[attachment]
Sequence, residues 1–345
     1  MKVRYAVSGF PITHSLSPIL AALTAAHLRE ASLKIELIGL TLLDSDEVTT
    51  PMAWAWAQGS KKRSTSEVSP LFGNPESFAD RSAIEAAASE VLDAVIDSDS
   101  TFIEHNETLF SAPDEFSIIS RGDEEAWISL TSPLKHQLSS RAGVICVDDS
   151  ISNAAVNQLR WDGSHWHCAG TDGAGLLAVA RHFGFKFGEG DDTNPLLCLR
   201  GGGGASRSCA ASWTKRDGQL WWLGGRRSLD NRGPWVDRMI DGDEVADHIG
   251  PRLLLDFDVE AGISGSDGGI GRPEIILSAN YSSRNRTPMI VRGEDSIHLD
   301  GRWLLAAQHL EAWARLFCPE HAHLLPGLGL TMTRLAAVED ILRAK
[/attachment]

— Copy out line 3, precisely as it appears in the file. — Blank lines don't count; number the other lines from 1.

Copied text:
    51  PMAWAWAQGS KKRSTSEVSP LFGNPESFAD RSAIEAAASE VLDAVIDSDS